Before the students left the hotel where they had lived for the past few weeks, the man who picked up and delivered their laundry came to check on them and warned them that the locals were going to become desperate.

Walking to campus usually took the students three minutes, but that Tuesday morning crossing downed power lines made it a half-hour journey.

Faculty members who lived farther away were delayed arriving on campus, and at first they couldn’t locate the school’s satellite phones.

When students showed up for the first check-in at 3 p.m., they were told to prepare to survive for up to two weeks.

The roof of the student center was partially caved in, and there was no electricity or running water.

Students created a spreadsheet with their names, passport information and emergency contacts, later transmitted through the satellite phone, and they set up a clinic.

Each day the students had a 3 p.m. roll call on campus. “It kind of resembled ‘The Hunger Games,'” Frazier said.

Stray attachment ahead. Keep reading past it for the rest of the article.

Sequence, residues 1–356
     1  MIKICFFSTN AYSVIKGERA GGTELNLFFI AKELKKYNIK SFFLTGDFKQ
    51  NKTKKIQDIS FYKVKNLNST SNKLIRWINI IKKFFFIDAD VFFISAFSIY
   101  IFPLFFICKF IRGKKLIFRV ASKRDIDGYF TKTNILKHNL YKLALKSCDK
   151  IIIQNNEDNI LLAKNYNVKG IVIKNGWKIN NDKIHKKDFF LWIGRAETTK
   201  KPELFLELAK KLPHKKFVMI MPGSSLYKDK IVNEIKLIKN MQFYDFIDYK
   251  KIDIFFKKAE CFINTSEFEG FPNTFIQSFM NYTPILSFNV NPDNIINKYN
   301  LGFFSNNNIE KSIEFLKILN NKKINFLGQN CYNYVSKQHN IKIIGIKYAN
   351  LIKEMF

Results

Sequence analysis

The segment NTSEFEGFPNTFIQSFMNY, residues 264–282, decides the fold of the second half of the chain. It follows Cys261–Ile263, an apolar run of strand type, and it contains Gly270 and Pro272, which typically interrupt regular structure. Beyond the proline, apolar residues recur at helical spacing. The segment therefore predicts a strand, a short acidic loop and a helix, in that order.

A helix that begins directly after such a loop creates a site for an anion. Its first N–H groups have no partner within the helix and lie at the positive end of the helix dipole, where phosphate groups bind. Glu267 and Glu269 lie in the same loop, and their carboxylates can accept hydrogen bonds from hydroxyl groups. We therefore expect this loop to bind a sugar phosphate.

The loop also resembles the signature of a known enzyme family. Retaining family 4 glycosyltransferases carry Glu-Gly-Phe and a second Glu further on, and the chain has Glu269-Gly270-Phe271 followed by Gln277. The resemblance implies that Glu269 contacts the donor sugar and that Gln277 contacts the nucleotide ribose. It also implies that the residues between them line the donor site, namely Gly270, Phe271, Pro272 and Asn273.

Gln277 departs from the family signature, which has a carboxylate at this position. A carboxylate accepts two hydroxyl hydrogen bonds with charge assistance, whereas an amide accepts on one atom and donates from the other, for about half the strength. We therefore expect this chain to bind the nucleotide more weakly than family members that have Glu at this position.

“We cracked open coconuts on the sidewalk,” she said, and they picked up the guava that had fallen from the trees.

Curfew was at 4 p.m. “There were looters with machetes and dogs,” Frazier said, and the students could see them from the school.

By that Thursday the students pulled together their resources and served a meal of pasta and rice. That also was the day running water was restored. “I think we all cried,” she said.

Frazier survived mostly on Clif bars, which arrived in a care package a week earlier from Tony Denton and J.D. Heffernan, who she said have been like fathers to her. They had even included tea so she could make sweet tea.

She sat with new friends Marissa from Allentown, Pa., Julia from New Orleans and Farzan from Chicago, who dubbed them the “porch ladies.”